Several competing methods for determining VaR are described in the paper “DeltaGamma Four Ways” by J. Mina and A. Ulmer recently available from RiskMetrics Inc. One of the procedures described there is a socalled Fourier method which involves determining the characteristic function (i.e. the Fourier transform) of the probability distribution of the quadratic form in the multivariate normal random variables which approximates the value of the portfolio. This characteristic function is then inverted, typically by means of a fast Fourier transform algorithm, to obtain the distribution function for the portfolio's values, and the VaR is then determined from this distribution. Some background on how such Fourier inversion is carried out may be found in Feuerverger and McDunnough (1981). The Fourier method is technically quite difficult to implement, and furthermore is known to be inaccurate in the far tails of the distribution due to phenomena such as truncation, discretization, and aliasing which occurs with the use of this method; yet it is in the tails of the distribution where accuracy is most needed for accurate determination of VaR.

[0015]
Another advantage of this invention concerns a method for high order approximation for those cases where the behavior of the pricing function is highly nonlinear so that approximations to the pricing function based on a second order approximation would be insufficiently accurate.
SUMMARY OF THE INVENTION

[0016]
The invention is a method and system for determining VaR. The invention does not require Monte Carlo sampling. Alternatively, if Monte Carlo sampling is used, it requires only a reduced number of such trials. The invention is based on reducing the pricing function of the overall portfolio to a deltagamma approximation, which in effect is a quadratic form in the risk factors; the distribution of the risk factors is, in turn, assumed to be a known multivariate normal distribution; the distribution of this quadratic form in normal variables is then determined by means of first evaluating the moment generating function (Laplace transform) of this distribution, and then applying highly accurate methods of saddlepoint approximation to this moment generating function to determine the distribution and its guantiles.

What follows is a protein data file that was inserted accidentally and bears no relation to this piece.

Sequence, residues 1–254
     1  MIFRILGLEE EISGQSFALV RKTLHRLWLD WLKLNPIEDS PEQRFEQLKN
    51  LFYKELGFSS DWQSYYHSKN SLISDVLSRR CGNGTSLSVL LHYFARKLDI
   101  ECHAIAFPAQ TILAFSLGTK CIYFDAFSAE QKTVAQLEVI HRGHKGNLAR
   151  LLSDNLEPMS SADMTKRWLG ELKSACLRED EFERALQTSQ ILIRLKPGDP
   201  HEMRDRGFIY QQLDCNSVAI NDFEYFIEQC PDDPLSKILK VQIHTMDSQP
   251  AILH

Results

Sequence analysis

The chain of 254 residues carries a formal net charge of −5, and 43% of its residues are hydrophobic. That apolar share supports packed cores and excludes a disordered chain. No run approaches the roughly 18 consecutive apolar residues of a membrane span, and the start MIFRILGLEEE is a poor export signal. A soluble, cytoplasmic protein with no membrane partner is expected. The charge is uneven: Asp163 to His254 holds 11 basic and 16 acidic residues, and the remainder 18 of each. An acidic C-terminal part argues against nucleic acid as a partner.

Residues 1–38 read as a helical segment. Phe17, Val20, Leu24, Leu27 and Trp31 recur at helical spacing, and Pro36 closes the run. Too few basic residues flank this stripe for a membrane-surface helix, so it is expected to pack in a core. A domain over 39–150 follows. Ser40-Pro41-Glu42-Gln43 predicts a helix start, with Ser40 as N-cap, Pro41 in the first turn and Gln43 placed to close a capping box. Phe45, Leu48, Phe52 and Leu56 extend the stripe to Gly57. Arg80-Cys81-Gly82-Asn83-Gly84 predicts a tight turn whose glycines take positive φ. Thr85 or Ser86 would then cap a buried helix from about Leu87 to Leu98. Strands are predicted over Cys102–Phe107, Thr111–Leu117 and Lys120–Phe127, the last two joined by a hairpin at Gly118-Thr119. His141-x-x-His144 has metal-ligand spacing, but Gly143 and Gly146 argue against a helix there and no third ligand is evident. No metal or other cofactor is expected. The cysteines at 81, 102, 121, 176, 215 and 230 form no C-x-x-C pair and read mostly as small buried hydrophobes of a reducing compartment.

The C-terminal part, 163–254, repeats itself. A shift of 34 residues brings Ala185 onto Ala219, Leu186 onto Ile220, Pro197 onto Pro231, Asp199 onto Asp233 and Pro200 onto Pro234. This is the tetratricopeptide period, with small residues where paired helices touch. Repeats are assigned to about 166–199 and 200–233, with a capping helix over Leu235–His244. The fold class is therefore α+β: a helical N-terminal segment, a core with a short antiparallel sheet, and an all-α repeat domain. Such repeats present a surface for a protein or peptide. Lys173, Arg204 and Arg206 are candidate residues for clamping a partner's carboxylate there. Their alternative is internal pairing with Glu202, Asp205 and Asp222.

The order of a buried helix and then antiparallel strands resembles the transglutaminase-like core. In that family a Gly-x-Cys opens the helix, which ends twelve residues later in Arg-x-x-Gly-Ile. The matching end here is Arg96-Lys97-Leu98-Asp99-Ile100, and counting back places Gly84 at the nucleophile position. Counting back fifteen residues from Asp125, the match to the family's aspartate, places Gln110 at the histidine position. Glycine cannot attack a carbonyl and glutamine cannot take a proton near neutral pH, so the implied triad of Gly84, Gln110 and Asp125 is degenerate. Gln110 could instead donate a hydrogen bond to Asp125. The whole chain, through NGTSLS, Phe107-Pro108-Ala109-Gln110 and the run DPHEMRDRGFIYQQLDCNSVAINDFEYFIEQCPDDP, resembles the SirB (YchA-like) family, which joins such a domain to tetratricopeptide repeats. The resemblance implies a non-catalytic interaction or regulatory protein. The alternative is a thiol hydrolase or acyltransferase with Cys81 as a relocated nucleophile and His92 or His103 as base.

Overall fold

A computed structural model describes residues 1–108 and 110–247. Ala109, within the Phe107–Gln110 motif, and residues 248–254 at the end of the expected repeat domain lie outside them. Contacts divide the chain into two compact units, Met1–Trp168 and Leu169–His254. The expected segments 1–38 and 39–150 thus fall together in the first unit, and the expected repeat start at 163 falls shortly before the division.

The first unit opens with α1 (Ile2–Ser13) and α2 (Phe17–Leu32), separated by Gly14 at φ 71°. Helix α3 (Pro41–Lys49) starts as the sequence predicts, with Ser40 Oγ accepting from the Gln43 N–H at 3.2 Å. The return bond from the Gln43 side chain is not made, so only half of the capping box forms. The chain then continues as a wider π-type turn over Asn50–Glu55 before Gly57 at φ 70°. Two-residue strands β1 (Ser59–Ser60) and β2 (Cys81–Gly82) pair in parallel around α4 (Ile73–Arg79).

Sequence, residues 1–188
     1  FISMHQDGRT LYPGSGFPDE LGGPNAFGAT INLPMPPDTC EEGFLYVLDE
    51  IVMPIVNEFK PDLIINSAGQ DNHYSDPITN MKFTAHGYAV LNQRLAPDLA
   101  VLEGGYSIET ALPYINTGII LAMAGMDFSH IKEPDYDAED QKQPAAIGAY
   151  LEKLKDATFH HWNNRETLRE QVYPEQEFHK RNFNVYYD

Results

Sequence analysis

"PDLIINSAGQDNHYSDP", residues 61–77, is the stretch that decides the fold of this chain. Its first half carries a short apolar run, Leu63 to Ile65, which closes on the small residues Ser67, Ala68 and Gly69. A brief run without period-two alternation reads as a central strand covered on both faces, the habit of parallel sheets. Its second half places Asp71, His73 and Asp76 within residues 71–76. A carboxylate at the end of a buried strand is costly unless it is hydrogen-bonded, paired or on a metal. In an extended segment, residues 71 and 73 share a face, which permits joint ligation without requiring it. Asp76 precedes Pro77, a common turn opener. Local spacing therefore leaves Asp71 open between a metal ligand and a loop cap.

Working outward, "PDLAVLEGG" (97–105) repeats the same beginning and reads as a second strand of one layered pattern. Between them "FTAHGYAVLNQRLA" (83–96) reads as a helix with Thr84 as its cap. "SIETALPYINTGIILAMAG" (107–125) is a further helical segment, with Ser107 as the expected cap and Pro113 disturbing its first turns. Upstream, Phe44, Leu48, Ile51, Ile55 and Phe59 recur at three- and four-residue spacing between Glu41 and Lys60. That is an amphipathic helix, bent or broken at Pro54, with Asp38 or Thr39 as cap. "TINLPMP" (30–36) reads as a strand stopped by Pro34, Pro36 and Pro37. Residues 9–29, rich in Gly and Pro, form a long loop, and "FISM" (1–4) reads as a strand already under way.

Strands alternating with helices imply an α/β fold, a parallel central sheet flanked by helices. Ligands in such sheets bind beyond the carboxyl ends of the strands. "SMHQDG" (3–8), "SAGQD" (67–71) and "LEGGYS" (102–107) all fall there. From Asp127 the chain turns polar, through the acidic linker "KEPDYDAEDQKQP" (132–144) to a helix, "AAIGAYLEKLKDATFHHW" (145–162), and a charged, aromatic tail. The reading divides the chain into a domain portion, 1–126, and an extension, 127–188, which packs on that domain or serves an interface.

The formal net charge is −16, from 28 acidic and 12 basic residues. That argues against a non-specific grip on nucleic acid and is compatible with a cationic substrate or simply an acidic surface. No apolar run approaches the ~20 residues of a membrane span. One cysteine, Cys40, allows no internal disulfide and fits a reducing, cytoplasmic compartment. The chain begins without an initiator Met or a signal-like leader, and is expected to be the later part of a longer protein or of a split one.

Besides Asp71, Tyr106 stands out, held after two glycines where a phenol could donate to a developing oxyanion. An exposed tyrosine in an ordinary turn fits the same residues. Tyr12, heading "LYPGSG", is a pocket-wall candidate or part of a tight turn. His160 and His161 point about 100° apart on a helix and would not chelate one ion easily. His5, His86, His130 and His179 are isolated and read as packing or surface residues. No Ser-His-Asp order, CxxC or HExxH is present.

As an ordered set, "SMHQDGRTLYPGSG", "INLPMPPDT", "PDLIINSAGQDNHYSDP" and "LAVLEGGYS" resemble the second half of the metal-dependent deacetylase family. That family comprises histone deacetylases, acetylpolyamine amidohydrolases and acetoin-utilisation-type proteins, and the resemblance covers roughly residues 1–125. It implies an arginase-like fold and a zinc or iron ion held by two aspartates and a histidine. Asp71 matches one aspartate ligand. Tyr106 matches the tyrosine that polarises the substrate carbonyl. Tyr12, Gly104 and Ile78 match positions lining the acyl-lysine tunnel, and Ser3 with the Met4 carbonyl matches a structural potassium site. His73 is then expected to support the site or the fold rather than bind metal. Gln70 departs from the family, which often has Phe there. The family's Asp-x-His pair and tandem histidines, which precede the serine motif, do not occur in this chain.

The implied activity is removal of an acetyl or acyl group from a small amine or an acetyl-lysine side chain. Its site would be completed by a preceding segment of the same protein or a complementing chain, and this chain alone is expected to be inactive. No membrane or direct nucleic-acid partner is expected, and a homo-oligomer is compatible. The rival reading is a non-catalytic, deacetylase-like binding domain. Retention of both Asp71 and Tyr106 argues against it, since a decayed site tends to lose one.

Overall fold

[0017]
Our method immediately provides a highly accurate approximation to the VaR whose accuracy is limited only by the machine precision of the computers used, by the adequacy of the quadratic approximation to the value of the portfolio, and by the accuracy of the saddlepoint approximation itself, which is central to our method. The saddlepoint approximation is in fact known to be extremely accurate, and to become ever more so as larger numbers of securities arc involved.

[0018]
Due to the speed and practicality offered by our method, it becomes feasible to carry out repeated VaR determinations in a short period of time, thereby opening up the practical possibility to carry out “what if” scenarios, whereby VaR computations are carried out for many possible adjustments that might be under consideration for the portfolio. Such what if computations may, for example, be used to consider the effects to risk of adding certain particular additional investment instruments to the portfolio, or it may be used to gauge whether adding a particular instrument will have the overall effect of stabilizing the overall riskiness of the portfolio. Such computations may also be used to quickly determine VaR quantities for a large number of subcomponents or subaggregates of the overall portfolio, for example, to carry out a branch by branch VaR computation for the various branches or departments of a financial institution.

[0019]
The invention includes a method of determining the risk in possessing a portfolio having a portfolio return, the portfolio including holdings each having a holding return, the holdings having been mapped to risk factors for which the parameters of a multivariate normal statistical distribution have been determined, the method including:

[0020]
expressing each holding return as a quadratic form in the returns of the risk factors;

[0021]
Aggregating the quadratic forms in the holdings to obtain a quadratic form approximation for the portfolio;

[0022]
determining a cumulant generating function of the quadratic form of the portfolio return and the first and second derivatives of the cumulant generating function;

[0023]
inputting the cumulant generating function and the derivatives into a saddlepoint approximation of first order or higher order from which the statistical distribution function of the portfolio return is provided, and

[0024]
providing a Value at Risk quantity from a tail area of the statistical distribution function of the portfolio return.

[0025]